Green Tree millage rate to be set by council in March
Green Tree officials will wait until next month to set the borough's millage for 2013 pending the outcome of property assessment appeals.
Borough council tabled a motion on approving millage at its meeting Feb. 18.
Manager Dave Montz recommended the delay because of continued uncertainty regarding property assessment values. Commercial properties represent more than 50 percent of the borough's real estate tax revenue, and many commercial values are in dispute, Montz said.
“Most communities don't see what we're seeing,” Montz said. “In my research over the past few years and in talking with the county, we're one of the few that are that heavy in commercial versus residential.”
The borough's tax rate of 4.35 mills will go down this year. Montz said the projected rate right now is 3.65 mills, but that could drop even further.
To allow for the delay in setting millage, borough council plans to approve an ordinance at its March 4 meeting that would push back the mailing of tax bills until April 1.
Council would then vote on millage later in March, at least 10 days before tax bills go out.
Allegheny County-assessed values tripled in some cases for Green Tree commercial properties, putting millions of dollars in dispute, Montz said. Borough officials reached out to some of those properties' owners to reach settlements based on appraised values.
“Dragging it out is not good for any of us,” Montz said. “We're agreeing based on the same information that we would see them present at a hearing.”
The borough also is attempting to set up an escrow fund to refund any additional money taken in. A hearing on the matter is scheduled for March 11 in county Common Pleas Court.
Montz said the borough took similar action after the 2000 county reassessment and ended up refunding about $600,000 in the ensuing years.
“We're being fiscally responsible, in my opinion,” Montz said. “Otherwise, we're going to have to give money back that we don't have.”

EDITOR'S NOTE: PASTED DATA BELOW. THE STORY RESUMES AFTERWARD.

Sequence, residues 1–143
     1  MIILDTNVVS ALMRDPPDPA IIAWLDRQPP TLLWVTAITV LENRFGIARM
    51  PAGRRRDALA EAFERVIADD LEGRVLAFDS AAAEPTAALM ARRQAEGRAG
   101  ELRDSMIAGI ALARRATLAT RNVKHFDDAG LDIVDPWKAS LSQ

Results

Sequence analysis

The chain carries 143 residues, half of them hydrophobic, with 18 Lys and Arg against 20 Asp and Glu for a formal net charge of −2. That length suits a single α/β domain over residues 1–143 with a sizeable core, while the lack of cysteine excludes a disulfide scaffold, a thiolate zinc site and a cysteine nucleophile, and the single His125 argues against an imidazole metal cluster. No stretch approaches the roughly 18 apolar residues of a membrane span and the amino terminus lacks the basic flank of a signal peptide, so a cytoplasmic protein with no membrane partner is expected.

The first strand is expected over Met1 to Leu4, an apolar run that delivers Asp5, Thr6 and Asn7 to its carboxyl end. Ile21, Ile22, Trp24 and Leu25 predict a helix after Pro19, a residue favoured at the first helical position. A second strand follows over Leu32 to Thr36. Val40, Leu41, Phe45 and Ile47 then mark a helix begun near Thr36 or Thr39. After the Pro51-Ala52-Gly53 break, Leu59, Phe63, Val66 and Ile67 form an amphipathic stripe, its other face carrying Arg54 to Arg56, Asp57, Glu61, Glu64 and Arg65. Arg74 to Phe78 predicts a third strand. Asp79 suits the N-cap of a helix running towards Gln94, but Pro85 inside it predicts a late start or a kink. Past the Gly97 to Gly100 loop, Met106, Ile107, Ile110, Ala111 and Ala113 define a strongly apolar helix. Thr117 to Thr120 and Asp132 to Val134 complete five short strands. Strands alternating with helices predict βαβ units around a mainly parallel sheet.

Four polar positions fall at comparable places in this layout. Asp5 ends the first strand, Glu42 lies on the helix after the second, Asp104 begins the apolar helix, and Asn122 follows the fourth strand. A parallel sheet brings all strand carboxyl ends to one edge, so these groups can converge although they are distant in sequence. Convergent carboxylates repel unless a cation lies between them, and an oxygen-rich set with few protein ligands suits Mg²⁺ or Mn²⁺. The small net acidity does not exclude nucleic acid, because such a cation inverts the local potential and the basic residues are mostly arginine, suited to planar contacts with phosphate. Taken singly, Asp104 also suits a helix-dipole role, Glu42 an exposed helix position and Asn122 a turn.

Doug Gulasy is a staff writer for Trib Total Media. He can be reached at 412-380-8527 or email@example.com.
Show commenting policy
TribLive commenting policy
You are solely responsible for your comments and by using TribLive.com you agree to our Terms of Service.
We moderate comments. Our goal is to provide substantive commentary for a general readership. By screening submissions, we provide a space where readers can share intelligent and informed commentary that enhances the quality of our news and information.
While most comments will be posted if they are on-topic and not abusive, moderating decisions are subjective. We will make them as carefully and consistently as we can. Because of the volume of reader comments, we cannot review individual moderation decisions with readers.
We value thoughtful comments representing a range of views that make their point quickly and politely. We make an effort to protect discussions from repeated comments either by the same reader or different readers.
We follow the same standards for taste as the daily newspaper. A few things we won't tolerate: personal attacks, obscenity, vulgarity, profanity (including expletives and letters followed by dashes), commercial promotion, impersonations, incoherence, proselytizing and SHOUTING. Don't include URLs to Web sites.
We do not edit comments. They are either approved or deleted. We reserve the right to edit a comment that is quoted or excerpted in an article. In this case, we may fix spelling and punctuation.
We welcome strong opinions and criticism of our work, but we don't want comments to become bogged down with discussions of our policies and we will moderate accordingly.
We appreciate it when readers and people quoted in articles or blog posts point out errors of fact or emphasis and will investigate all assertions. But these suggestions should be sent via e-mail. To avoid distracting other readers, we won't publish comments that suggest a correction. Instead, corrections will be made in a blog post or in an article.
- Nonagenarian celebrates with family and friends
- Carnegie reflects on 10th anniversary of notorious rainy day
- Carnegie business district comes back
- Steps taken to prevent another devastating flood of Chartiers Creek
- Seat tags in Carnegie’s music hall tell many stories
- Bridgeville historical society set to undergo repairs
- Community shows support for Cecil family
- South Fayette coach looks to bring Insanity to residents
- Photo gallery: A decade later, remembering devastating Carnegie flood